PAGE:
As a company with complex, multinational projects, the Group Division Voith Hydro benefits from the international collaborative environment of its R&D constellations.

R&D activities:

• Product development
• Electric and hydraulic application
• Hydraulic model tests and acceptance tests
• Power unit optimization
• Basic engineering for turbines and generators
• Expert support for commissioning, field tests, coating




But perhaps Voith engineer, Hannes Schmucker, captures it best: “We need the input of fresh talent to look beyond the horizon but, at the same time, the experience of the experts to know which ideas look promising.”

On a global scale

As an international company, with complex multinational projects, Voith never loses sight of the big – or, in this case, global – picture, which means international collaboration is another vital R&D component. To this end, Koutnik encourages multiple levels of technical exchange: between scientists and operating units, other R&D groups and even across Voith divisions. “The benefits are meaningful,” he says, “As an example, flow simulations – traditionally attributed to turbine technology – are increasingly being used in generator design, with respect to its cooling or hydrodynamic bearings. Thus, young scientists can better and more rapidly familiarize themselves with our products.”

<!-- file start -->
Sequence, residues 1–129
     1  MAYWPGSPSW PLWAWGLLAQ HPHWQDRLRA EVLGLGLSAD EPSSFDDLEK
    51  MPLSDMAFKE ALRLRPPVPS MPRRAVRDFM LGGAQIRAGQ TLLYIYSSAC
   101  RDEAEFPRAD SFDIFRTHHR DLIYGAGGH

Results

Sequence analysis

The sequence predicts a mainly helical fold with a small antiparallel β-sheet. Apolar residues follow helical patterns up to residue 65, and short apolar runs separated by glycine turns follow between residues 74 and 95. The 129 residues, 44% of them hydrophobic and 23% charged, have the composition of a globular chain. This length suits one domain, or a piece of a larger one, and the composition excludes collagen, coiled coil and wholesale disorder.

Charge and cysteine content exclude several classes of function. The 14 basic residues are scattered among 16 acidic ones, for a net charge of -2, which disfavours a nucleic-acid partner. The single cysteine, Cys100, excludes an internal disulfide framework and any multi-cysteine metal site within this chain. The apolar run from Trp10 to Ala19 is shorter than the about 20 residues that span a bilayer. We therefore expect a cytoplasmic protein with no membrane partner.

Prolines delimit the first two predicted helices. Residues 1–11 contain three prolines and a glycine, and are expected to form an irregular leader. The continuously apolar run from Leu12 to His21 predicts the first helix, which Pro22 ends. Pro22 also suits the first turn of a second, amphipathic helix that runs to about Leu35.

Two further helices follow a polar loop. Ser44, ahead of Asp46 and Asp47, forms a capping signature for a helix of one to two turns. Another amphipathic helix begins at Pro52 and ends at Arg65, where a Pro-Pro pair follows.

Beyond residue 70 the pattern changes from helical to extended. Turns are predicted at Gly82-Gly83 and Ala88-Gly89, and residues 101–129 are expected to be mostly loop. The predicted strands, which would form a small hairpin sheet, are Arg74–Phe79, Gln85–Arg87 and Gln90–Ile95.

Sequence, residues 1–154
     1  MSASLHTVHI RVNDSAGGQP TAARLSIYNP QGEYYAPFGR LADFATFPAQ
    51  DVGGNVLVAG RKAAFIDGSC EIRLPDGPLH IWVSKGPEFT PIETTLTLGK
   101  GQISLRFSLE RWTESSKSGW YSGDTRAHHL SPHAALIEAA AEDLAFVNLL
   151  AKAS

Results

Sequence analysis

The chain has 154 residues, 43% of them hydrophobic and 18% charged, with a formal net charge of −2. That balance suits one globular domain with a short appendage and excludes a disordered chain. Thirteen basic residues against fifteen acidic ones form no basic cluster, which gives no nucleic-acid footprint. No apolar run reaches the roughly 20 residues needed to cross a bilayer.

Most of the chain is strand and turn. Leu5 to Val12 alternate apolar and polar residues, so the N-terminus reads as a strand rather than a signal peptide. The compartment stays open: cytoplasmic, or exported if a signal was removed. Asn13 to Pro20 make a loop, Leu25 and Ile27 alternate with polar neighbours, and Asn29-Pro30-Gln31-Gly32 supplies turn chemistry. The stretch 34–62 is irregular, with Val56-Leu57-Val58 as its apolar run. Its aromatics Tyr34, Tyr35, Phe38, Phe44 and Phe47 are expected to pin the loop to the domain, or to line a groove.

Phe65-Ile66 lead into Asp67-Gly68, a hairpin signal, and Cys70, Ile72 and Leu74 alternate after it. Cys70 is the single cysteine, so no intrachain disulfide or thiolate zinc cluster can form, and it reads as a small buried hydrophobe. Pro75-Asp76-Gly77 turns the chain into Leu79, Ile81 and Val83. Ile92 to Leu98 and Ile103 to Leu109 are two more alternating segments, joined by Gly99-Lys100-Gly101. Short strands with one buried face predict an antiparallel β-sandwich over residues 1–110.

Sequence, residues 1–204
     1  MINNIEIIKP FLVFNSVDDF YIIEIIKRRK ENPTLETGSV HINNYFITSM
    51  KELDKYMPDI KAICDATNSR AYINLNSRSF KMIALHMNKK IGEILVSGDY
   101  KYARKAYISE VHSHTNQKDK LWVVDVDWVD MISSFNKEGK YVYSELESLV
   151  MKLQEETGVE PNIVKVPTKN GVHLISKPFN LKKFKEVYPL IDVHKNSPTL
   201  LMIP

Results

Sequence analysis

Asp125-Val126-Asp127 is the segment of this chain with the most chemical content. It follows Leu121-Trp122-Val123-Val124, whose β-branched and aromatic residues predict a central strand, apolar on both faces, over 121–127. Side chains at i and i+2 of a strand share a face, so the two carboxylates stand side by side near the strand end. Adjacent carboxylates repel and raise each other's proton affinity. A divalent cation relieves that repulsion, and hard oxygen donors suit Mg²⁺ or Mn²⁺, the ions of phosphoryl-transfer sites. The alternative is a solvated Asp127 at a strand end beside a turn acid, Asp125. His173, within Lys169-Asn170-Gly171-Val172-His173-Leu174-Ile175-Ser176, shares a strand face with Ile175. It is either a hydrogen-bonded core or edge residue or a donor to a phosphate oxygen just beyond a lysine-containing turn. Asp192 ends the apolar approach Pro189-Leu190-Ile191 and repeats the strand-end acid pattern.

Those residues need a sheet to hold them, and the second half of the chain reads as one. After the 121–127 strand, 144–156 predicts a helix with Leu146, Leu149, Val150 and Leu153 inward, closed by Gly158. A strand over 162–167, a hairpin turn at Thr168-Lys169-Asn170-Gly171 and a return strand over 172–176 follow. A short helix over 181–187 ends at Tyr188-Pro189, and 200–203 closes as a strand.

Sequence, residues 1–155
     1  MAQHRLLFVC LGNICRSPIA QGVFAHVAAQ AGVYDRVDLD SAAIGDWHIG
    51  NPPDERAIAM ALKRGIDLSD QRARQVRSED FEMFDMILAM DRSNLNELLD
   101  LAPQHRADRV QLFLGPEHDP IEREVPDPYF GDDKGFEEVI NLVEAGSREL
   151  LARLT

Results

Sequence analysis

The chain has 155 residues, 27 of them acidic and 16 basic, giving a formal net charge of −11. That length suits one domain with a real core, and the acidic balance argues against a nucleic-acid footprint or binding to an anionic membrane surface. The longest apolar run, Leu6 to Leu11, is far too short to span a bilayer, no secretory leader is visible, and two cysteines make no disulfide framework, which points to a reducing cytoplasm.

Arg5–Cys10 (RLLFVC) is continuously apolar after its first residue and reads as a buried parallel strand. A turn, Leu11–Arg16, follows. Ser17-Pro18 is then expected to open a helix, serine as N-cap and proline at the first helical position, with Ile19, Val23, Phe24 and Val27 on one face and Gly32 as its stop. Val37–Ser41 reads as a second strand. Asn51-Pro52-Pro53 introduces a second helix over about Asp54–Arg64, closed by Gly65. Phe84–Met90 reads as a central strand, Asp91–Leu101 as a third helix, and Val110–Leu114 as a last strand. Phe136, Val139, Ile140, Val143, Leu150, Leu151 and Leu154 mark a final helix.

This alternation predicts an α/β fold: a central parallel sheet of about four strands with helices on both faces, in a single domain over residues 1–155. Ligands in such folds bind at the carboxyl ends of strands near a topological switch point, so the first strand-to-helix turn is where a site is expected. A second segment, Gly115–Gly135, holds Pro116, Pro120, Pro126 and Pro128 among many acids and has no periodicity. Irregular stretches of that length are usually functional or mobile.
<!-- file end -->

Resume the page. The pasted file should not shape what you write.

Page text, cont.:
“Teamwork means working together on problems and challenges,” Steegmaier summarizes, “Specialized teams are continuously developing new technologies. Based on these improvements, every Voith Hydro engineer all over the world can apply the best solution for our customers.”